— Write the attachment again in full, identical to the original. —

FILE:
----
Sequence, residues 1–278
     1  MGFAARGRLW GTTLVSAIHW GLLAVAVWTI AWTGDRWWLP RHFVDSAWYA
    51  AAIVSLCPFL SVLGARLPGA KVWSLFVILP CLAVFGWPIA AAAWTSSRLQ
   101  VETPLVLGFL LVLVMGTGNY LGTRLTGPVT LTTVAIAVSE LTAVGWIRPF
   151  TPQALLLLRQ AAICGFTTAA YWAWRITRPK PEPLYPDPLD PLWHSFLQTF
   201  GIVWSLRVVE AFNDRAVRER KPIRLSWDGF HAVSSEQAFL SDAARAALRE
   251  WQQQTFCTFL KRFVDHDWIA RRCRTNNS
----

Sequence, residues 1–278
     1  MGFAARGRLW GTTLVSAIHW GLLAVAVWTI AWTGDRWWLP RHFVDSAWYA
    51  AAIVSLCPFL SVLGARLPGA KVWSLFVILP CLAVFGWPIA AAAWTSSRLQ
   101  VETPLVLGFL LVLVMGTGNY LGTRLTGPVT LTTVAIAVSE LTAVGWIRPF
   151  TPQALLLLRQ AAICGFTTAA YWAWRITRPK PEPLYPDPLD PLWHSFLQTF
   201  GIVWSLRVVE AFNDRAVRER KPIRLSWDGF HAVSSEQAFL SDAARAALRE
   251  WQQQTFCTFL KRFVDHDWIA RRCRTNNS